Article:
Covariates were chosen on a basis of an a priori assumption of variables associated with number of social network ties (van Tilburg and van Groenou 2003; Ajrouch et al. 2005; Sabbath et al. 2015; Patacchini and Engelhardt 2016). Information about sex, date of birth and occupational status was obtained from the register of the pension insurance institute for the municipal sector in Finland (Keva). Occupational status was categorized into three groups according to the last known occupational title preceding retirement: upper grade non-manual workers (e.g., teachers and physicians), lower grade non-manual workers (e.g., technicians and registered nurses) and manual workers (e.g., cleaners). Information about other covariates was drawn from the survey conducted prior to the retirement (wave − 1). Marital status was categorized into married or cohabiting and not married or other. Number of diagnosed chronic diseases was categorized into 0, 1, ≥ 2 diseases including angina pectoris, myocardial infarction, stroke, claudication, osteoarthritis, osteoporosis, sciatica, fibromyalgia, rheumatoid arthritis, diabetes, migraine and cancer. Mental disorders included diagnosed depression and/or other mental diseases (no, yes).
We used linear regression analyses with generalized estimating equations (GEE), which controls for the intra-individual correlation between repeated measurements using an exchangeable correlation structure and is not sensitive to measurements missing completely at random (Zeger and Liang 1986). To answer our first research question (How do the number of social ties in total and of different levels of closeness change across the retirement transition?) we used the GEE modeling to calculate the mean estimates and their 95% confidence intervals (CI) for the total number of network ties and separately for the number of ties in the inner, middle and outer circles at each wave from wave − 1 to wave 2. Then we quantified the changes in the total number of network ties, as well as in the number of ties in each three circles within two time periods: retirement transition period and post-retirement period. The retirement transition period was defined as period from wave − 1 to wave 1 (corresponding approximately 0.5 years before retirement to 0.5 years after retirement) and the post-retirement period as period from wave 1 to wave 2 (corresponding approximately 0.5 to 1.5 years after retirement).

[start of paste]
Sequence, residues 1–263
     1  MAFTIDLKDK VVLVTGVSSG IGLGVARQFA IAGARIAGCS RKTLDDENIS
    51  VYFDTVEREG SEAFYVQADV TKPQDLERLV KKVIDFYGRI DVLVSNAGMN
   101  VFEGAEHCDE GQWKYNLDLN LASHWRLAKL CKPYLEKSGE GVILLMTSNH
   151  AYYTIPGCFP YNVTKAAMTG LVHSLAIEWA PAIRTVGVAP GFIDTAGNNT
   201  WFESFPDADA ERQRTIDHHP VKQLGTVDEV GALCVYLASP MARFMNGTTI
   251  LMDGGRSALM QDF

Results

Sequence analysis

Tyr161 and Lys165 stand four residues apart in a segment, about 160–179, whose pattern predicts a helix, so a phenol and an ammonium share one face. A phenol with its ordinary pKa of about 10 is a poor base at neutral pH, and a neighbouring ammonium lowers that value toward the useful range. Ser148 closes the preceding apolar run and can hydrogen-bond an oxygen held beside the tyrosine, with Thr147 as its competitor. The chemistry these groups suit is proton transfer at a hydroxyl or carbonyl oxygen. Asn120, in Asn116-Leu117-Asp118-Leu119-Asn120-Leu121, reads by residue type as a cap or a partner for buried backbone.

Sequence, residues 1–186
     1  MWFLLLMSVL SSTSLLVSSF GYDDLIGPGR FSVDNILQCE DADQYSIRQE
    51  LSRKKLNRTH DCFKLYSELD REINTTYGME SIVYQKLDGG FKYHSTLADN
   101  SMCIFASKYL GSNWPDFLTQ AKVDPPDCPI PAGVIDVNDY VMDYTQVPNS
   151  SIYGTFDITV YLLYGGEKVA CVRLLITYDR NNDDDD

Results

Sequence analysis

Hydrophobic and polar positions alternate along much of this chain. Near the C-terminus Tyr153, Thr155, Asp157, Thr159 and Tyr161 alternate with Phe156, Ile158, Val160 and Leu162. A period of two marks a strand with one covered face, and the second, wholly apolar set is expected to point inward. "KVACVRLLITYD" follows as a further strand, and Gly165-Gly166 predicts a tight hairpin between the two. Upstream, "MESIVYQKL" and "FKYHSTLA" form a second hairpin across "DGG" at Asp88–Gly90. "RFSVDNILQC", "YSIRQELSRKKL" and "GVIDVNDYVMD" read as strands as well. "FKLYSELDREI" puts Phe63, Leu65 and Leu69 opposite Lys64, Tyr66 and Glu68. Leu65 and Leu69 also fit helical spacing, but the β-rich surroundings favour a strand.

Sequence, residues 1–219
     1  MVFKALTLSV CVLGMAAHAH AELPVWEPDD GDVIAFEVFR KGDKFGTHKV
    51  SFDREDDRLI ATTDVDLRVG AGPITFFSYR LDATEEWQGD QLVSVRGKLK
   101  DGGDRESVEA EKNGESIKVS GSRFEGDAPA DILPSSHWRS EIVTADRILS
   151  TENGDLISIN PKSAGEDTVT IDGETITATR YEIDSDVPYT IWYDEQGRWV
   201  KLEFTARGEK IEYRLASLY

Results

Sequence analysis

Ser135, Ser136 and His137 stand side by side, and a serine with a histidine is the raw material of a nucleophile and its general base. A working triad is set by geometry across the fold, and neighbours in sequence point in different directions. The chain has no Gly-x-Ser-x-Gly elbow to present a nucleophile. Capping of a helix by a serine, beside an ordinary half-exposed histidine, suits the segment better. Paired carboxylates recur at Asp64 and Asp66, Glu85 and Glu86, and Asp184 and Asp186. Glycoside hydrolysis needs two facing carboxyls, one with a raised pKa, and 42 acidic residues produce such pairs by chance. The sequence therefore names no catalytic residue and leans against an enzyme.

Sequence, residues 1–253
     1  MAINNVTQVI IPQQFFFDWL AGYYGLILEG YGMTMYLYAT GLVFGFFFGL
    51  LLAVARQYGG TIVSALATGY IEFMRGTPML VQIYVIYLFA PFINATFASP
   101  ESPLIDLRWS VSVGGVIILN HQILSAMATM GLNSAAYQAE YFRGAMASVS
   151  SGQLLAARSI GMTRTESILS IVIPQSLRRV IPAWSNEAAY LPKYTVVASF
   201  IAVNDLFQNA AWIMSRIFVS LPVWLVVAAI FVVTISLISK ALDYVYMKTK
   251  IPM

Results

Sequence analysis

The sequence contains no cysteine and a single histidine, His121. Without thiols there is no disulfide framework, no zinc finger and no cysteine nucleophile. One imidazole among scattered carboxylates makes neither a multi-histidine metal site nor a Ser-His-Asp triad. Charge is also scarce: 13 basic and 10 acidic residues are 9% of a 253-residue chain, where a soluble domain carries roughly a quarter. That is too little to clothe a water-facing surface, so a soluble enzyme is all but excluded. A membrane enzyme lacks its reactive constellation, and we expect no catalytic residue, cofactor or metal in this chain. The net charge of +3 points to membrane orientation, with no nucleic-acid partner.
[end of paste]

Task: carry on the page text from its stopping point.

After that we compared the changes between these two periods to examine whether the changes are due to retirement by including period * time interaction term in the GEE model.
Finally, we examined whether the changes during the retirement transition period differed by gender, marital status, occupational status and health status (RQ2). That was done by adding the interaction term subgroup*time to the GEE models. All models were adjusted for age, and sex, as appropriate. All statistical analyses were performed with SAS 9.4 Statistical Package (SAS Institute Inc., Cary, NC).
Characteristics of the study population before retirement (wave − 1) are shown in Table 1. Mean age of the participants was 63.2 (SD 1.3) years, and 84% were women. Of the participants, 33% had upper grade non-manual occupation and 36% had manual occupation, 73% were married or cohabiting, 25% were free of chronic diseases, and 17% had mental disorders. The final analytical sample was highly similar to the eligible population (n = 10,629) in regard to the background characteristics (mean age 64.1 years, 80% women, 29% in upper grade non-manual occupation and 42% in manual occupation in the eligible population).